Other powerful stories in the collection include the often-reprinted "The People of Sand and Slag," which posits a future where humanity has evolved beyond needing a true environment to live in, and the sadistic and disturbing "Pop Squad," which examines a world where people are continually restored to youthful lives--and children ruthlessly killed as a menace to this hedonistic society.
If there is one recurrent theme in Bacigalupi's stories, it is this: the will of humans to survive, no matter what is thrown at us. Our determination to look into the worst of situations and find a way to keep going. Few writers in any genre have captured this human survivalistic essence as well as Bacigalupi. And he takes the theme to new levels in the best story in the collection, which is also, ironically, one of the few stories not previously published--the collection's title story of "Pump Six."
This story focuses on Travis Alvarez, a maintenance man who helps keep the sewage pumps going in a future New York City. Because of ever-present pollution, the intelligence of the city's residents has plummeted to incredible lows. Even Alvarez himself is not an intelligent man, being at best average by today's terms. However, he has enough knowledge and concern left to know it is vitally important that the city's ancient sewage pumps keep running, or else a toxic mess will kill millions. But most New Yorkers don't see what harm can come from a few backed up toilets. Even his girlfriend, who almost blows up their apartment searching for a gas leak with a lit match, tells Alvarez not to take his job so seriously. Why worry about things like sewage pumps when there are so many parties and drugs to be had?
In many ways "Pump Six" is a reverse echo of Aldous Huxley's Brave New World, a 21st century warning about how societies exist because people like Alvarez do their part to maintain them. Just as in Huxley's novel, everyone Alvarez encounters seems to care little beyond using sex and drugs to tune themselves into nothingness. While Alvarez is attracted to this sensual oblivion, he also knows what's at stake and that, tragically, he's not equal to the task thrust upon him. Still, reaching for that hallmark element of humanity--the endless struggle against hopeless odds--Alvarez strives to find a way to keep the pumps going.
Bacigalupi has previously been nominated for a number of Hugo and Nebula awards. If there is any justice in the world, "Pump Six" will be the story that wins him one of those coveted awards.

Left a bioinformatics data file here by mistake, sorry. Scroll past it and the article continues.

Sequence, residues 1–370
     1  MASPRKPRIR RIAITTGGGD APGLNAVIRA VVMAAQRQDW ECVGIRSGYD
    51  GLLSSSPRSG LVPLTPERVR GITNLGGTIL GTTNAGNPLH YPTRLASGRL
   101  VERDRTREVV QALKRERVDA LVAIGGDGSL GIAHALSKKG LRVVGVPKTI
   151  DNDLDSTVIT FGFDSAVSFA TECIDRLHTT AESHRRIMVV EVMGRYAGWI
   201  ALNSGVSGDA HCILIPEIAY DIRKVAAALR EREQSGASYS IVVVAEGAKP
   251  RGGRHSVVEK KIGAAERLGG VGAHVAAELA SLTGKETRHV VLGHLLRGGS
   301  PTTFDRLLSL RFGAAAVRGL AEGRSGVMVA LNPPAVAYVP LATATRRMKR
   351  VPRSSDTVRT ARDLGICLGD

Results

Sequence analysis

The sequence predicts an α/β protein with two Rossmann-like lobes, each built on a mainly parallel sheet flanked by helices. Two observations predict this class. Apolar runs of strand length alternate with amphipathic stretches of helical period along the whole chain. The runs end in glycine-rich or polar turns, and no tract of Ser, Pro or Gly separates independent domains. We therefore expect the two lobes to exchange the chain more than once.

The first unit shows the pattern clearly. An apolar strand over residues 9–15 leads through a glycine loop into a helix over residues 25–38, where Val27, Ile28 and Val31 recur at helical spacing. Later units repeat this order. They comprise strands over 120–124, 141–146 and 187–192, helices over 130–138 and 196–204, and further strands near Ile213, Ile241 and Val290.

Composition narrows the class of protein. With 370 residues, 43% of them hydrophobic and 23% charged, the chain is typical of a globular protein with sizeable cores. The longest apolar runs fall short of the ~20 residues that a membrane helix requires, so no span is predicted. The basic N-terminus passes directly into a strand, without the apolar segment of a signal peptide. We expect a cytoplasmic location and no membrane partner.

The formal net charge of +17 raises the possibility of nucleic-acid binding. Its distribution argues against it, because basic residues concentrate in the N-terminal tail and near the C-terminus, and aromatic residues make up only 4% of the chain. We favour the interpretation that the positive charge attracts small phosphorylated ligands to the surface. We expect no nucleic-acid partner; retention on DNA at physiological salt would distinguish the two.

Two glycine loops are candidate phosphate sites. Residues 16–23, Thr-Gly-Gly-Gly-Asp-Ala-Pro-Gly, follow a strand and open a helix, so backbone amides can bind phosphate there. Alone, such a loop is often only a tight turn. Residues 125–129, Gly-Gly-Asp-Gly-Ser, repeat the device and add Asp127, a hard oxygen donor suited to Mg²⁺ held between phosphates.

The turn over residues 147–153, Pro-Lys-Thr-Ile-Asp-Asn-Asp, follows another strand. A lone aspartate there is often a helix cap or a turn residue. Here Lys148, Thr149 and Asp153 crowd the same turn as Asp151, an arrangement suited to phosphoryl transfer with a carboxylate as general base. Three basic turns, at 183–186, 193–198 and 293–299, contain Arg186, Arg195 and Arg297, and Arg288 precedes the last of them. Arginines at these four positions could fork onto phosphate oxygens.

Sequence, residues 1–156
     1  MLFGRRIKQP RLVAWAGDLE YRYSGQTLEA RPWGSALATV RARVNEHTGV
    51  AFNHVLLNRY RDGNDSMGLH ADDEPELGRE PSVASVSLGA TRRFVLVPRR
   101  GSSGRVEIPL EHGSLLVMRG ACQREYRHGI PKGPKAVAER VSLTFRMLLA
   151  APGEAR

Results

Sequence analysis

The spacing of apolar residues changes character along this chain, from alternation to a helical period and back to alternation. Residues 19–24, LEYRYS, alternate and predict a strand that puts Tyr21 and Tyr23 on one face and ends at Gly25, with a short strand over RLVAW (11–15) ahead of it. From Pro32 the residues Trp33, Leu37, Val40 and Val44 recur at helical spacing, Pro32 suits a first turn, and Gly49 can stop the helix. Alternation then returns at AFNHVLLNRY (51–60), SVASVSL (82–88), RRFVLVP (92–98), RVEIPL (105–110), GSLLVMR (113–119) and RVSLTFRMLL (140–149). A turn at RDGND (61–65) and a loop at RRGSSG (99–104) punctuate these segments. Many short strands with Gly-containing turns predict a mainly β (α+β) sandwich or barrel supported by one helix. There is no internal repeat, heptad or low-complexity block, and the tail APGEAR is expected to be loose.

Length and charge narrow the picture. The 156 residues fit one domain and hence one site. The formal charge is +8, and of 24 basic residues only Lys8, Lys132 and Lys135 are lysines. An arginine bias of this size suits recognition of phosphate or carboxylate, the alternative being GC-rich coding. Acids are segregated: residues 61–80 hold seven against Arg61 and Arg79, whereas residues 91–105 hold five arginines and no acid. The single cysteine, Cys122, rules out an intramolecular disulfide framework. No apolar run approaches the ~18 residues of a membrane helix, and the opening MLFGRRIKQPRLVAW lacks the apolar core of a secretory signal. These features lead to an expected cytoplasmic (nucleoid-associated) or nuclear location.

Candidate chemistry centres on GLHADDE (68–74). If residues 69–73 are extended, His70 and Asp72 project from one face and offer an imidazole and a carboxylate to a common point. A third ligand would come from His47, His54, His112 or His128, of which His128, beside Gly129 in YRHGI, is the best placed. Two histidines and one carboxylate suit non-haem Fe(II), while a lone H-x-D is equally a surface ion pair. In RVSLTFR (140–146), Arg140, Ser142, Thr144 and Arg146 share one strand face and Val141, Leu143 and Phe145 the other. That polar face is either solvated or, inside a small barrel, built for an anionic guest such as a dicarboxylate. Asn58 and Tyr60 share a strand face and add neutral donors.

Other reviewers and readers have mentioned how Bacigalupi's writing resembles that of Ted Chiang, whose Stories of Your Life and Others is another must read recent speculative fiction story collection. Superficially, Chiang and Bacigalupi's writings do not resemble each other. Chiang's stories straddle the ground between myth and fantasy, creating his own unique version of reality in which the author's deliberately simple prose underplays the story until readers suddenly find themselves pondering new vistas and existences. Bacigalupi, on the other hand, crafts dense science fiction stories with lush sensual prose. Just when you think one of his stories is about to end, he takes you deeper into his imagined world.
The similarity, though, between Bacigalupi and Chiang's stories, and the reason they both succeed so well at short fiction, is that they don't sacrifice prose, characterization, plot, and emotion for ideas. Yes, the ideas are there. But they don't hit you over the head with them. And that makes the impact of these authors' ideas all the more powerful.
So if you enjoy philosophical science fiction stories, read Pump Six. If you hate philosophical science fiction stories, read Pump Six. Because like the evocative concrete rain which continually falls from the buildings in Bacigalupi's title story, Pump Six gently rains upon the reader until you find yourself swimming in a deep ocean of truth. And no matter how you approach this book--whether for the ideas or for the great stories--you won't be disappointed.